based on well-established field campaigns and have already been used previously for long-term CRM simulations to study tropical cloud and precipitation processes ( Zeng et al. 2008 ; Zhou et al. 2007 ; Blossey et al. 2007 ). Those studies demonstrated that CRMs driven by the large-scale forcing could simulate the general features of the observed cloud processes but with essentially similar biases. Zeng et al. (2008) found that the GCE tended to overestimate surface precipitation throughout the

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Zhuocan Xu, Gerald G. Mace, and Derek J. Posselt

contributor to the cloud feedback uncertainties is marine boundary layer clouds ( Bony and Dufresne 2005 ; Sherwood et al. 2014 ). MBL clouds exert a significant influence on Earth’s radiative balance due to their extensive coverage over the global oceans ( Hartmann et al. 1992 ; Haynes and Stephens 2007 ). The complexity of estimating the climate forcing by MBL clouds arises from the wide range of spatial and temporal scales at which various physical processes act. Macrophysical properties of MBL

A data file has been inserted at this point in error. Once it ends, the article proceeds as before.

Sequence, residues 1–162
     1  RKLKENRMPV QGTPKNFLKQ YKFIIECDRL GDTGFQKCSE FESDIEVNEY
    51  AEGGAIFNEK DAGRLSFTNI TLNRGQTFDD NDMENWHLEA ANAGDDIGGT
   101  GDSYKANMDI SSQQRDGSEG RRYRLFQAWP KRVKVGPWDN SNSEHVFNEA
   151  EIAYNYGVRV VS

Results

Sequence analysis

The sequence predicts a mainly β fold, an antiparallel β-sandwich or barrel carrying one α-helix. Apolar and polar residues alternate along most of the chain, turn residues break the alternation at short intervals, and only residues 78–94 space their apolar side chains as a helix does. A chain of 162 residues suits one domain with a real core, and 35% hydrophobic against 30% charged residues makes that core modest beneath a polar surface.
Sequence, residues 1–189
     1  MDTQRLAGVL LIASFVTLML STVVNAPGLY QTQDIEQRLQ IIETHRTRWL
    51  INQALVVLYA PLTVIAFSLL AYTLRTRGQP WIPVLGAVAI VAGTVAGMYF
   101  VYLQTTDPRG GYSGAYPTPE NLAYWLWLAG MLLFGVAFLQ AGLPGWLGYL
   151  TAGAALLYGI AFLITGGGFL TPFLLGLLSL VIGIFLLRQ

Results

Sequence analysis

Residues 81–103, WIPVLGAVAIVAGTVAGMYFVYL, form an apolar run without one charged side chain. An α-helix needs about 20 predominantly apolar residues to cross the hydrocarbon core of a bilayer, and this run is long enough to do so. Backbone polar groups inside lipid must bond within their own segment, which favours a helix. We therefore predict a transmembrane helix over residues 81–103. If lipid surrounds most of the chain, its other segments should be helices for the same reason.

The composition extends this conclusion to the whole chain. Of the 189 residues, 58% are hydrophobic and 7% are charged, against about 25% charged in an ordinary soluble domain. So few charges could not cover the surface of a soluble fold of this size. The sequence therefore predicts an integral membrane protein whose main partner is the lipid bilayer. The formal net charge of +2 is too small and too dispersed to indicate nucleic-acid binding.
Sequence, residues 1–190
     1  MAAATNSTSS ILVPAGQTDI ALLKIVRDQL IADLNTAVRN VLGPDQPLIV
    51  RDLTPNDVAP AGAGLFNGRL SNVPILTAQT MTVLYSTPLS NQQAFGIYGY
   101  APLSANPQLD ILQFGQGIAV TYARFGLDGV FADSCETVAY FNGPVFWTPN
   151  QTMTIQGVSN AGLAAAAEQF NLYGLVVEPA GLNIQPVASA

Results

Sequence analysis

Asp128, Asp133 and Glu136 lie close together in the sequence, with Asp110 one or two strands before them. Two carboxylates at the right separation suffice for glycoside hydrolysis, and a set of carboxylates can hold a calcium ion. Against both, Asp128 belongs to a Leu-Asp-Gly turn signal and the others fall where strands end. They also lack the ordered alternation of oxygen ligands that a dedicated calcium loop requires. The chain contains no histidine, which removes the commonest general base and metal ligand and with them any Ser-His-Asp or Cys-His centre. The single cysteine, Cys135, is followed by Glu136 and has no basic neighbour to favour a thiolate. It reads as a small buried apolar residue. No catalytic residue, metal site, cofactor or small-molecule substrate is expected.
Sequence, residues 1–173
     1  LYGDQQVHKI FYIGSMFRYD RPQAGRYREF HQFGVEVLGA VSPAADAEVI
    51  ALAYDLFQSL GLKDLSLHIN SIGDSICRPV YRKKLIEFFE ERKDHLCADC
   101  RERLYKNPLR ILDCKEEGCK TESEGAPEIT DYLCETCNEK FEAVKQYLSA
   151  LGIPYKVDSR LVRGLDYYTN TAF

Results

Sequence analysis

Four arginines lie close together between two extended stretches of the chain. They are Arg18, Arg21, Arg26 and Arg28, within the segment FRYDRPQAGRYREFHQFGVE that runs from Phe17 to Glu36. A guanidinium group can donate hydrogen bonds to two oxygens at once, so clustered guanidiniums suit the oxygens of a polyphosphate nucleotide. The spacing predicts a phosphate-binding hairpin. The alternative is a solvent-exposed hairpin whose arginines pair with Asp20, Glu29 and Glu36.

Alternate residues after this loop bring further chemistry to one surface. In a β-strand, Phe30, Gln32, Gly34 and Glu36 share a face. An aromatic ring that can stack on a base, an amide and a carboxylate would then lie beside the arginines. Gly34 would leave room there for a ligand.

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Natalie Midzak, John E. Yorks, Jianglong Zhang, Bastiaan van Diedenhoven, Sarah Woods, and Matthew McGill

main source of ice cloud radiative forcing error stems from scattering parameters of the varying ice crystal habits ( Wendisch et al. 2005 ). A better understanding of cirrus microphysical properties, especially the shape and size of ice crystals, is necessary to more accurately quantify their effects on the climate system. Fig . 1. SPEC CPI imagery collected during an 18 Sep 2013 flight from the SEAC 4 RS field campaign highlighting variations in crystal shape and size for plates, irregulars

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Lucas Craig, Arash Moharreri, David C. Rogers, Bruce Anderson, and Suresh Dhaniyala

along the droplet trajectory and compared against their critical values. Droplets in the size range of 2–500 μ m were considered in this study. Droplet velocities and trajectories were determined considering the 1D linearized velocity profile [Eq. (4) ] and the net force acting on the droplets. Because the cloud droplet sizes are large and they travel through regions of strong flow velocity gradients, the droplets can attain a finite Reynolds number (Re d > 0.1) along their trajectory. Thus

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Dan K. Arthur, Sonia Lasher-Trapp, Ayman Abdel-Haleem, Nicholas Klosterman, and David S. Ebert

December 2004 and January 2005. The observational strategy of RICO was to gather data on shallow maritime convection and trade wind cumuli at a wide range of scales ( Rauber et al. 2007 ). One goal of the project was to gain a better understanding of the warm-rain process, as traditional theory has been unable to explain how the growth of cloud droplets by condensation alone proceeds to drop sizes large enough to begin coalescence and produce precipitation as rapidly as has been observed (e.g., Paluch